# sampling distribution of sample means

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• Dec 28th 2007, 03:00 AM
0123
sampling distribution of sample means
I beg your help on this excercice. Thank you.

The number of hours spent studying by students the week before exams is normal distributed with standard deviation 8.4 hours. A random samole is taken to estimate the population mean number of hours studying.
A) How large a sample is needed to ensure that the probability tha the sample mean differs from the population mean by more than 2 hours is less than 0.05?

B) without doing calculations, state whether a larger or smaller sample than in part A) would be required to guarantee that the probability of the sample mean differs from the population mean by more than 2 hours is less than 0.10.

C) without doing calculations, state whether a larger or smaller sample than in part A) would be required to guarantee that the probability of the sample mean differs from the population mean by more than 1.5 hours is less than 0.05.

Thank you.
• Dec 28th 2007, 09:03 AM
TKHunny
Generally, and you should know this, $n\;=\;\frac{z^{2}s^{2}}{d^{2}}$. You should be able to see this from your previous experience building confidence intervals.

After that useful forumla, B) and C) are eyeball problems. If you increase the numerator or decrease the denominator, what does that do to the required sample size? Similarly, if you decrease the numerator or increase the denominator, what does that do to the required sample size?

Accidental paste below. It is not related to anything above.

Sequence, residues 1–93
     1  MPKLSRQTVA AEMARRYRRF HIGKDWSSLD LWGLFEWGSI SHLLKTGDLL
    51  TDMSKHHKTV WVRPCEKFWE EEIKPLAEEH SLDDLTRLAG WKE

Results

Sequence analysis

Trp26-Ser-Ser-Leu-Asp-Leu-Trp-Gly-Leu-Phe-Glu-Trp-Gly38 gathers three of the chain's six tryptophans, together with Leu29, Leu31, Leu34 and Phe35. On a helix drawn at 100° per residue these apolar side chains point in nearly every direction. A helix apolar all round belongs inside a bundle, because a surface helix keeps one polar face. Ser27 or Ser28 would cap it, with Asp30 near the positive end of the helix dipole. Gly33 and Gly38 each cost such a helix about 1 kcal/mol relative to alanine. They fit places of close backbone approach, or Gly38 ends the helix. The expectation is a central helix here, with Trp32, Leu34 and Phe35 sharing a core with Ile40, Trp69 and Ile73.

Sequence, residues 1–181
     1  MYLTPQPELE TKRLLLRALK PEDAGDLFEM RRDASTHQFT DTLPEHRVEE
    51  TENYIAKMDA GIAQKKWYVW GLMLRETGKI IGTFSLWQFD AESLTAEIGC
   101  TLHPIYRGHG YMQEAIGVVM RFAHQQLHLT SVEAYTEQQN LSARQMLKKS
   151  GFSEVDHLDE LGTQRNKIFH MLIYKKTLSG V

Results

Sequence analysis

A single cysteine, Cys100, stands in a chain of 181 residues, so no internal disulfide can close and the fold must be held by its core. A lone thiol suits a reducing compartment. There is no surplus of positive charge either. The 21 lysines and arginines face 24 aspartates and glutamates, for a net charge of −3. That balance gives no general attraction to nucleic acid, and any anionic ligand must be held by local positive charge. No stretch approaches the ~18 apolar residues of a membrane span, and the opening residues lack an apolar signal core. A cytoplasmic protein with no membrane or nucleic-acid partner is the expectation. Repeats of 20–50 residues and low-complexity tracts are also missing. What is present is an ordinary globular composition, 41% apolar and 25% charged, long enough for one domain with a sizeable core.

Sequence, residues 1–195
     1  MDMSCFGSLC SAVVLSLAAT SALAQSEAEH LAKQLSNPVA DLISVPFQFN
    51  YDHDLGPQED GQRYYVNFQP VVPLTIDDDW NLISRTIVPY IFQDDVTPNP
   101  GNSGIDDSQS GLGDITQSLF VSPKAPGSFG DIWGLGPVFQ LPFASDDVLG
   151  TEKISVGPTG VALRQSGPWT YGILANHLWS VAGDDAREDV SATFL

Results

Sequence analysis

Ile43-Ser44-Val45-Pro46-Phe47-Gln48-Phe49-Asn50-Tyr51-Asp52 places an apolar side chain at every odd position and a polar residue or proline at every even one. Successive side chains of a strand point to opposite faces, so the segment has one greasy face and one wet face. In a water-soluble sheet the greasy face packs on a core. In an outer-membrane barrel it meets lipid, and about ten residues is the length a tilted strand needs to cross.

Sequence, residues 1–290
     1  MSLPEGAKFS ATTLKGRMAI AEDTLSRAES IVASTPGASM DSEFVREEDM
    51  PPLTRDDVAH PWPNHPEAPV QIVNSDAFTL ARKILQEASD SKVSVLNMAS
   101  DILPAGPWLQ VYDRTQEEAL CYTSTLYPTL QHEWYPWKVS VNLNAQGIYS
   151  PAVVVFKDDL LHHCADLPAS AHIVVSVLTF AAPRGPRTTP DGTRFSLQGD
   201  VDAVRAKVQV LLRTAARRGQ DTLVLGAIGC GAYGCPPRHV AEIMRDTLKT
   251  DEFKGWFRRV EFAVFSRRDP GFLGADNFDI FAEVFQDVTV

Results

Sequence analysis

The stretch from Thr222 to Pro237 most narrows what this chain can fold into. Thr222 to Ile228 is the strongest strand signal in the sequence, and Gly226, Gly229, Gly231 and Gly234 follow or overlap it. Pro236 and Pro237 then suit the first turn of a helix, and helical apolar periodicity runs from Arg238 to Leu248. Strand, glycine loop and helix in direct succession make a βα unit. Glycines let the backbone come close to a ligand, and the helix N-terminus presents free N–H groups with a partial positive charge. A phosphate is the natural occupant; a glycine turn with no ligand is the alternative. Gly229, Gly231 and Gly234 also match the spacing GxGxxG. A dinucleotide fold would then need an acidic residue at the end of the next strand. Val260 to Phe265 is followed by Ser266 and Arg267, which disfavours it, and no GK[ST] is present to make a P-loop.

Note: It should be obvious that a small sample would lead to 't' rather than 'z'.

Note: With a Finite Population Correction Factor, this will be different. You tell me what that is. We don't need it for this problem. Why?
• Dec 28th 2007, 10:20 AM
0123
Quote:

Originally Posted by TKHunny
Note: With a Finite Population Correction Factor, this will be different. You tell me what that is. We don't need it for this problem. Why?

We do not know N, so how can we compute the finite population correction factor?:(

I do not understand the point A.

What I do is

P(X>p+2) = P(Z> (p+2 - p)/ (8.4/squarerootof n) )= 0.05

so I find Z=1.65 and then 1.65= 2/ (8.4/ sqr n )
n= (1.65* 8.4/2)^2 =48 but the book says 68.

I do not know. :(
• Dec 31st 2007, 10:15 AM
TKHunny
Quote:

Originally Posted by 0123
We do not know N, so how can we compute the finite population correction factor?:(

Why do we care? My point is only that if we need the FPCF, we'll have to calculate a different value for the sample size.

Quote:

I do not understand the point A.

What I do is

P(X>p+2) = P(Z> (p+2 - p)/ (8.4/squarerootof n) )= 0.05

so I find Z=1.65 and then 1.65= 2/ (8.4/ sqr n )
n= (1.65* 8.4/2)^2 =48 but the book says 68.

I do not know. :(
When you decide that it is a 2-tail test, you will have it.
• Dec 31st 2007, 10:26 AM
0123
where does it come out that it is a two tail test?
• Dec 31st 2007, 10:44 AM
TKHunny
You must read the problem very carefully.

"the probability that the sample mean differs from the population mean by more than 2 hours"

Which direction are we looking? Higher? Lower? Both? Either?
• Dec 31st 2007, 10:47 AM
0123
Quote:

Originally Posted by TKHunny
You must read the problem very carefully.

"the probability that the sample mean differs from the population mean by more than 2 hours"

Which direction are we looking? Higher? Lower? Both? Either?

(Doh)(Crying) Right. Thank you.